More than 10,000 people have been evacuated from their homes after the large fire tore through centuries-old villages.
The United States Forest Service (USFS) has confirmed that one of its burns in New Mexico went out of control early last month and later merged with another fire, to become the second largest blaze in state history.
Daniel Encinias standing next to his camping trailer in a New Mexico evacuation area on Tuesday said he will rebuild his torched home.
“We’re displaced because of something that was done by forestry,” said Encinias, 55, using the term common in the area for the USFS. “All I say is fix what’s messed up …”
Encinias is among more than 10,000 evacuees from the fire that has torn through centuries-old villages in the Sangre de Cristo Mountains 48km (30 miles) northeast of Santa Fe and burned the house Encinias had built from the ground up.
Like other people camped nearby, a trailer and truck are all Encinias has left. He has no home insurance. He is relying on help from his extended family and his community.
He, his wife, three children, four dogs and eight cats are crammed into the trailer at the Storrie Lake State Park where he plans to go ahead with his daughter’s high-school graduation party.
According to statistics compiled by the National Interagency Fire Center, there are currently 12 uncontained fires in five US states burning through 112,977 hectares (279,172 acres) of land. The vast majority of the area affected is in New Mexico with six fires across 95,439 hectares (235,835 acres).
“You have a federal government who is certainly partially to blame for the situation we are in,” Lujan Grisham said.
The fire has further strained relations with the US government in villages that saw Spanish colonial land grants stolen by 19th century American speculators and subsistence use of ancestral forests restricted by the USFS.
A spokeswoman for the USFS Santa Fe National Forest, where the fire started, did not respond to requests from Reuters for comment. The second fire that the burn merged with is under investigation.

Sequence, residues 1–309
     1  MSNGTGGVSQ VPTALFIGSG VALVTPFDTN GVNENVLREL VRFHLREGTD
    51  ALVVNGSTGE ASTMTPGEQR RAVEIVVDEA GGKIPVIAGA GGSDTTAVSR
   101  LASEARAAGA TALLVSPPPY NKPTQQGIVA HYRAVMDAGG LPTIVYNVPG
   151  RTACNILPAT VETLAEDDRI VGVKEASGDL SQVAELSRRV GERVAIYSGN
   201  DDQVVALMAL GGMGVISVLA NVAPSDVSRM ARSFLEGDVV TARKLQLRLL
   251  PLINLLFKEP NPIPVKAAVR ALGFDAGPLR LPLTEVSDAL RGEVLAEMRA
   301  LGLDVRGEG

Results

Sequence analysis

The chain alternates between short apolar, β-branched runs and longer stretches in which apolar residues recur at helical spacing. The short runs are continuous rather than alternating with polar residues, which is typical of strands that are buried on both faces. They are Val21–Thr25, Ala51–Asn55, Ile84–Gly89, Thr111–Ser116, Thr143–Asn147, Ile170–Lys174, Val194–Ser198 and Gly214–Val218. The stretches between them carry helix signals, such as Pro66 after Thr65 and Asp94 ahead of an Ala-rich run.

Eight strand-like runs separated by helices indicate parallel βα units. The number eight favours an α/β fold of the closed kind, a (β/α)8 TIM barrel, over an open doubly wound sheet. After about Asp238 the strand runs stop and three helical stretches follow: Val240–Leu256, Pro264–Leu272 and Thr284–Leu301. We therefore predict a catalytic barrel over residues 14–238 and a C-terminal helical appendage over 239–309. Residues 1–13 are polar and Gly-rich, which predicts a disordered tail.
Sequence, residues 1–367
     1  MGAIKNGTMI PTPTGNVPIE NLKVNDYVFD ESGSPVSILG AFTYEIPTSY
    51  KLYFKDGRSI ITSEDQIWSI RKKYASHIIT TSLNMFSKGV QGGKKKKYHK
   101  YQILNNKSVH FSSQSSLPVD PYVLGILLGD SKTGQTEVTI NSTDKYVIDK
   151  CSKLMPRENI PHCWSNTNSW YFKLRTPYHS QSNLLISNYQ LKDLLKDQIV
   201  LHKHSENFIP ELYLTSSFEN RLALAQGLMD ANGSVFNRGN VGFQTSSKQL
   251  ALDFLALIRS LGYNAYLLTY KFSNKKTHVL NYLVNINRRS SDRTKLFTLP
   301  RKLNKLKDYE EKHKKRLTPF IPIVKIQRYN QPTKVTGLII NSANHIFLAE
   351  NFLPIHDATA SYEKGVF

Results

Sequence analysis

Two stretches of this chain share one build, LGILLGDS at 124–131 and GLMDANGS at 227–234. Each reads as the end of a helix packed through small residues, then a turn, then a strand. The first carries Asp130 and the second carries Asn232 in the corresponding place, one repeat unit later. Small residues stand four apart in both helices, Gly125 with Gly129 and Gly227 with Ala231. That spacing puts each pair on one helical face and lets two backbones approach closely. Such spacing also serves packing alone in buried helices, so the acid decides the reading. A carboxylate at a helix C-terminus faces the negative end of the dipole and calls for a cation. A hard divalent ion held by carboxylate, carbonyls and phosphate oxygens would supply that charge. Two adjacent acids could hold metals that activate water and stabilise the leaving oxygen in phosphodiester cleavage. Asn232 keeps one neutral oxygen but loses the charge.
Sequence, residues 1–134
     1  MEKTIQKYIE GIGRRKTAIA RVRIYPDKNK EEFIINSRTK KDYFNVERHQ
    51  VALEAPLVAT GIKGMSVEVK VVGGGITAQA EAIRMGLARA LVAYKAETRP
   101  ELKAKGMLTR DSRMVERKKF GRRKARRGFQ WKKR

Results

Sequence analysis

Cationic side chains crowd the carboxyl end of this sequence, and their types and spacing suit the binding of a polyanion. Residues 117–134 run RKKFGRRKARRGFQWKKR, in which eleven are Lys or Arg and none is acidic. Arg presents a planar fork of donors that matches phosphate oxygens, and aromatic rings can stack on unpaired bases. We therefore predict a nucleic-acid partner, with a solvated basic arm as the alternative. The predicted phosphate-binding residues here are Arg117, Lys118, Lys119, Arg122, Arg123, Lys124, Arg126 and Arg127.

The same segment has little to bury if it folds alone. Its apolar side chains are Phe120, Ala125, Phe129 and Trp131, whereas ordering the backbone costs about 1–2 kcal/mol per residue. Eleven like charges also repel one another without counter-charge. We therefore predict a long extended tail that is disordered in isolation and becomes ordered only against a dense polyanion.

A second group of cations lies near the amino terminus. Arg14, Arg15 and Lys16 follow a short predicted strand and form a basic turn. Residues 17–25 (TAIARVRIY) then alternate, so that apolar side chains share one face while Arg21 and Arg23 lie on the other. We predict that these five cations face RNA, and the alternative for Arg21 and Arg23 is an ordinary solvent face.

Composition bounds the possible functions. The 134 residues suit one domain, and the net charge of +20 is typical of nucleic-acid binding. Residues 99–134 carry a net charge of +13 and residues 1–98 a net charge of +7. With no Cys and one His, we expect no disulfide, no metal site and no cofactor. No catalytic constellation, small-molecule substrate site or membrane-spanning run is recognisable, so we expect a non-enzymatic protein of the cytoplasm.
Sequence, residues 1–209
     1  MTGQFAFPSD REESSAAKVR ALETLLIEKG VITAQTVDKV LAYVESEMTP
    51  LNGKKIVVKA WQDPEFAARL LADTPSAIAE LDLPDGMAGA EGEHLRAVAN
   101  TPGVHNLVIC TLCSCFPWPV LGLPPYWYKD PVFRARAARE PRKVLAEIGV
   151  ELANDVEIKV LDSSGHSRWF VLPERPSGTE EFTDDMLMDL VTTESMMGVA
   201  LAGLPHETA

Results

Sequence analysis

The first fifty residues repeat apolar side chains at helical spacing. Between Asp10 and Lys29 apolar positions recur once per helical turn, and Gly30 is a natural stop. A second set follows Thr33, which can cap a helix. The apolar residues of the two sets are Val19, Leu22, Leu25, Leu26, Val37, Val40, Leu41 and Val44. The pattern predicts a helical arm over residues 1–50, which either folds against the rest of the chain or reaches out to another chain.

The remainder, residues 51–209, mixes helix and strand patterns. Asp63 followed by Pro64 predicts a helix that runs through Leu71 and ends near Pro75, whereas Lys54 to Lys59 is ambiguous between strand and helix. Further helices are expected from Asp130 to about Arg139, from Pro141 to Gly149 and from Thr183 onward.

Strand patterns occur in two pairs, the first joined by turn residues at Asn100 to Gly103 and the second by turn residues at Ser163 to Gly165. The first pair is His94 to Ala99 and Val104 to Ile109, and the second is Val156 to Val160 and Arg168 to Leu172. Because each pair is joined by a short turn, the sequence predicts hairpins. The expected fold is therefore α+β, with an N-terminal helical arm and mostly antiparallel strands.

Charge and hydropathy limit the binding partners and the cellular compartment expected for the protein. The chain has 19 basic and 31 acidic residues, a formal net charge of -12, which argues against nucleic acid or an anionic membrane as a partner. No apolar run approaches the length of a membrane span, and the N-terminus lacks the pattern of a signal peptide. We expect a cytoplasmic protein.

In the past, homeowners have sued government agencies for controlled burns that went wrong. It is also common for people who have lost homes to receive payouts through emergency funds.
The fire in one of the poorest US states is raging in two counties where household incomes are half the national average. Many of the lost homes are trailers on family land next to older adobe mud-brick homes, said Paula Garcia, who heads a state irrigation association.
At a Tuesday fire briefing, Las Vegas, New Mexico, Mayor Louie Trujillo bristled at officials’ description of burned houses as “structures” and said firefighters were defending a centuries-old “herencia” or inheritance.
“That land is spiritual, those houses are spiritual, it’s sacred land,” Trujillo said. The blaze threatens Trujillo’s historic city of 14,000 as well as villages more than 48km (30 miles) north.
Back at the state park, Michael Salazar says he fled with his truck and trailer from a fire that destroyed 10 of 11 homes in his Tierra Monte area. He linked the destruction to the controlled burn.
“I just hope the government stands up and says, ‘Yes we do these things for a reason, they do get out of control, and we are going to try to help you,’” said Salazar, 55, as firefighting helicopters hovered over the nearby lake to fill up with water.